What to Expect When You Host a Job Shadow Day

What to Expect When You Host a Job Shadow Day

A typical job shadow experience for a student is a half-work day, often beginning or ending with lunch.


Begin the day with an overview of your workplace. Discuss how you spend a typical day and how your personal objectives support the overall organization.


Give the student a tour of the facility.


While touring, take the opportunity to introduce your student to other workers. This will allow you to show multiple aspects of the operation and how different occupations within the workplace are all key to the overall operation.


The best job shadow experiences help a student interpret how their current day to day learning is preparing them for their future career. Discuss the skills you use every day – both skills you have learned throughout your career and those skills that began in high school.


Describe your educational path. Compare and contrast it with what is typical of your colleagues. Does your degree directly relate to your job? Great – then talk up your alma mater. Does your degree not relate? That’s ok, too. Talk about the path that brought you to where you are today.


You do not need to entertain your student all day. It is preferred that you do your regular work tasks while the student is with you. Do describe what you are doing, but do not feel the need to narrate all day. It took you years to understand your job fully, so you don’t need to explain it all in a day!

Be Hands-on

If it is prudent and safe, allow the student to participate in some of your work with you. If you have a meeting, allow the student to tag along. (You may need to remind them of the unwritten rules of meetings, but you’d do that for anyone new you brought in, right?)

Wrapping Up

At the end of your time, be sure to reflect with the student on how the day went. Share observations on how the student might be a good fit for your occupation. Allow time to ask questions, and be prepared with a few of your own to get your student thinking about a future in your career field.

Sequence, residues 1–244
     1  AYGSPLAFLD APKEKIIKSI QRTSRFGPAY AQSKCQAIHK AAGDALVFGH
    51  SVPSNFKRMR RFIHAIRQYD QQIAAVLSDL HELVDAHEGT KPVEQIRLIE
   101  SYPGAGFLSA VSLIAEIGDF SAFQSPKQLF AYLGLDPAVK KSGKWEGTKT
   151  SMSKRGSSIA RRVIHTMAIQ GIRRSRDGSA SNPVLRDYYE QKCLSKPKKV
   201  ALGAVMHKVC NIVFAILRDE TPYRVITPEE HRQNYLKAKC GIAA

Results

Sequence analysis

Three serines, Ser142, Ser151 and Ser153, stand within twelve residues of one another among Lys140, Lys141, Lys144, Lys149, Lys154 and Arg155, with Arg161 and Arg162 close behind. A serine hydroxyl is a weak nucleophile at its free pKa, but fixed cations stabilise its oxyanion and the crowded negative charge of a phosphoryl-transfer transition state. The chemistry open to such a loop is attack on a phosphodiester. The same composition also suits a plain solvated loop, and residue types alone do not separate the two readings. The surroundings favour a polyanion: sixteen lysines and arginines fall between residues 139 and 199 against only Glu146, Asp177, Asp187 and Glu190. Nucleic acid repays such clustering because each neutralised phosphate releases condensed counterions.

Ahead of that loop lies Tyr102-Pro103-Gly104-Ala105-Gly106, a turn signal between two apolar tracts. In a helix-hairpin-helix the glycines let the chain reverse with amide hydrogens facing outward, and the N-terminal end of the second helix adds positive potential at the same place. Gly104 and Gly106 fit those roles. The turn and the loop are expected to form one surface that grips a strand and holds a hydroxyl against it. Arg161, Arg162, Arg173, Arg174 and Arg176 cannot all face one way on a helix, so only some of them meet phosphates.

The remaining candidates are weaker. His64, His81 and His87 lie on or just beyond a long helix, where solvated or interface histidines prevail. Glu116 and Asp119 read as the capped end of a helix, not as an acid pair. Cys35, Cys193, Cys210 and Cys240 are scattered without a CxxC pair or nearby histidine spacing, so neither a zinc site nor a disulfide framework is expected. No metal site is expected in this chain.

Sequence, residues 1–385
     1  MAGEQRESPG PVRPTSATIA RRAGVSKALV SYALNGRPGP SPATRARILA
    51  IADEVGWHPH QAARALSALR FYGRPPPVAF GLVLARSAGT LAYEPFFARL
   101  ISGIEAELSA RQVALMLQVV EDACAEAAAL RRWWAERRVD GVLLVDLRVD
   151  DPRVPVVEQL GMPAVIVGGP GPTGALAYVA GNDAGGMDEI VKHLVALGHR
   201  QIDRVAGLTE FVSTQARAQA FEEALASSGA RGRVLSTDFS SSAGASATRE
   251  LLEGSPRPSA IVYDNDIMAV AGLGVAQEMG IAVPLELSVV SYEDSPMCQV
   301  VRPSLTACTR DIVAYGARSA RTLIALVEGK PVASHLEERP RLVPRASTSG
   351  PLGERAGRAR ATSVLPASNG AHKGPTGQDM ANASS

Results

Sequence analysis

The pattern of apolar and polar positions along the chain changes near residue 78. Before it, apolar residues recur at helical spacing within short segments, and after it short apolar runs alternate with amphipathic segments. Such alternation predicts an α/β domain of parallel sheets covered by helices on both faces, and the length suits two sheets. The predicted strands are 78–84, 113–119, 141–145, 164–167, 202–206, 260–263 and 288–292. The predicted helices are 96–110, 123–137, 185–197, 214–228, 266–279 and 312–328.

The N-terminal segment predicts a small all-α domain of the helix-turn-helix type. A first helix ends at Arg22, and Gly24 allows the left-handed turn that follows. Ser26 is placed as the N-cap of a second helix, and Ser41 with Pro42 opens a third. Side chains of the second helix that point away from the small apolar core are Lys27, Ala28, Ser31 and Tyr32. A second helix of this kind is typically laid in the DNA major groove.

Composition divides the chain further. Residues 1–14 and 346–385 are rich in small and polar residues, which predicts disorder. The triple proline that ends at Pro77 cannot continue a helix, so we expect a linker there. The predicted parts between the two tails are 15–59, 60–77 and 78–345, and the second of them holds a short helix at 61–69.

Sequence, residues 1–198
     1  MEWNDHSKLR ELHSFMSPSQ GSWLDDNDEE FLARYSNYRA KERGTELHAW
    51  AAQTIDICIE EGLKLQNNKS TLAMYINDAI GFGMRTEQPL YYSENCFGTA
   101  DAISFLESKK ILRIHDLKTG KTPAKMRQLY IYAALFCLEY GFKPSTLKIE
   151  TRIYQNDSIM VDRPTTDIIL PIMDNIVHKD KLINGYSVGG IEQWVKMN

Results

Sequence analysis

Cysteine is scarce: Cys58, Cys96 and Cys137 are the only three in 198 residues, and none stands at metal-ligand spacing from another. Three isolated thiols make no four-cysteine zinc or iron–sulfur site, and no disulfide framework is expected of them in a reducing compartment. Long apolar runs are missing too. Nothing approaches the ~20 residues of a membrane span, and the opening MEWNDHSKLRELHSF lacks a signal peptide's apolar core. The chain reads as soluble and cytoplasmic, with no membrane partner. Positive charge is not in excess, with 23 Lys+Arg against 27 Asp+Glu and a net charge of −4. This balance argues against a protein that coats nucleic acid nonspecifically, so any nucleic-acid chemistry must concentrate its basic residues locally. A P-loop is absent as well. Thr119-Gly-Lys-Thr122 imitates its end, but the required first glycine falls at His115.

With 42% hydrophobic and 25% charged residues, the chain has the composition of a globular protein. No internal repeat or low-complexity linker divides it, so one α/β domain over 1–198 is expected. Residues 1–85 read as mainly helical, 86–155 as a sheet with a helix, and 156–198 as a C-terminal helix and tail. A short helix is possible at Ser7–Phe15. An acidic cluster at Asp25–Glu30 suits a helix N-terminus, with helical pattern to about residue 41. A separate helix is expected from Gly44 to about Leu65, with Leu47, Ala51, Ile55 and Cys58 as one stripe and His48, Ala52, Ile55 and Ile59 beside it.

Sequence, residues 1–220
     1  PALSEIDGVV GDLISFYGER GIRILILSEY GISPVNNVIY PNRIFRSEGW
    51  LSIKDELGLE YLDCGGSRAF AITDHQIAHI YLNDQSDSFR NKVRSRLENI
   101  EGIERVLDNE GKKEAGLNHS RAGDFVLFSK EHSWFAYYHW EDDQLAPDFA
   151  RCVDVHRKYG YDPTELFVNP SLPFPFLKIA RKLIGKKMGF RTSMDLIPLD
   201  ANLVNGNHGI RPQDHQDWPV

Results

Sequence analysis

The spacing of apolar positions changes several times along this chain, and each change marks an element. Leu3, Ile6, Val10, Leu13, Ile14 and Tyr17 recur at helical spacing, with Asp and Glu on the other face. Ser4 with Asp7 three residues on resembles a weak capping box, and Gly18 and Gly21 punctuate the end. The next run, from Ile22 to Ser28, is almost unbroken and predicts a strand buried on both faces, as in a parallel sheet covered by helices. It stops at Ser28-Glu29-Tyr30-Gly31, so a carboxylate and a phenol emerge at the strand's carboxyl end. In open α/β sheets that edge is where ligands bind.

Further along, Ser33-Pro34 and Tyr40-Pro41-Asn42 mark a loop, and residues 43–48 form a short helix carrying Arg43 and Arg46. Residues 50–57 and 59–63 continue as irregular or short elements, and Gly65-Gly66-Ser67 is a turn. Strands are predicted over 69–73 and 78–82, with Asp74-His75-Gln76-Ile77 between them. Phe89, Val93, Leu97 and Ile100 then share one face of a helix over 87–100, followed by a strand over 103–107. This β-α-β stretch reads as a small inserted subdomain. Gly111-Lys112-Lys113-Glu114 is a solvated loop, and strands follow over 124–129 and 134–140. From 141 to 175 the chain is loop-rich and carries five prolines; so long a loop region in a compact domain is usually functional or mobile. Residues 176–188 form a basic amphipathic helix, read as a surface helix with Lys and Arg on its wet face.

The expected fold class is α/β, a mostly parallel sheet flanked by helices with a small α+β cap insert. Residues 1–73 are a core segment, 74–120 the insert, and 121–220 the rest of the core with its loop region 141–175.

Hosting a job shadow student can be an excellent way to give you a fresh perspective about your career. It’s typical to plan that you lose about an hour and a half of productivity on the day of a job shadow, but what you gain goes beyond simple productivity.

By hosting a high school student for half the day, you are giving back to the community and sharing your expertise.

Six Qualities of Successful Mentors

Six Qualities of Successful Mentors

Project Leadership matches community mentors with a 21st Century Scholar in their freshman year of high school or college. Community volunteers are asked to commit an hour each week for one year. The one-year commitment allows for enough time to develop a relationship and have a positive impact on a student. However, it is not uncommon for mentor-mentee relationships to grow beyond one year; many mentors walk with students through their high school career and beyond.

Through our years of managing mentor relationships, Project Leadership has learned the qualities that successful mentors share. The following information from MENTOR/National Mentoring Partnership show the top six qualities of successful mentors.

1) Personal commitment to be involved with another person for an extended time — generally, one year at minimum. Mentors have a genuine desire to be part of other people’s lives, to help them with tough decisions and to see them become the best they can be. They have to be invested in the mentoring relationship long enough to make a difference.

2) Respect for individuals and for their abilities and their right to make their

own choices in life. Mentors should not approach the mentee with the attitude that their own ways are better or that participants need to be rescued. Mentors who convey a sense of respect and equal dignity in the relationship win the trust of their mentees and the privilege of being advisors to them.

3) Ability to listen and to accept different points of view. Most people can find someone who will give advice or express opinions. It’s much harder to find someone who will suspend his or her own judgment and really listen. Mentors often help simply by listening, asking thoughtful questions and giving mentees an opportunity to explore their own thoughts with a minimum of interference. When people feel accepted, they are more likely to ask for and respond to good ideas.

4) Ability to empathize with another person’s struggles. Effective mentors can feel with people without feeling pity for them. Even without having had the same life experiences, they can empathize with their mentee’s feelings and personal problems.

5) Ability to see solutions and opportunities as well as barriers. Effective mentors balance a realistic respect for the real and serious problems faced by their mentees with optimism about finding equally realistic solutions. They are able to make sense of a seeming jumble of issues and point out sensible alternatives.

6) Flexibility and openness. Effective mentors recognize that relationships take time to develop and that communication is a two-way street. They are willing to take time to get to know their mentees, to learn new things that are important to their mentees (music, styles, philosophies, etc.), and even to be changed by their relationship.

As you read the qualities of a successful mentor, do you see yourself as possessing the qualities of a successful mentor? Please join Project Leadership to improve our community through mentoring. Apply online today at projectleadership.org/apply.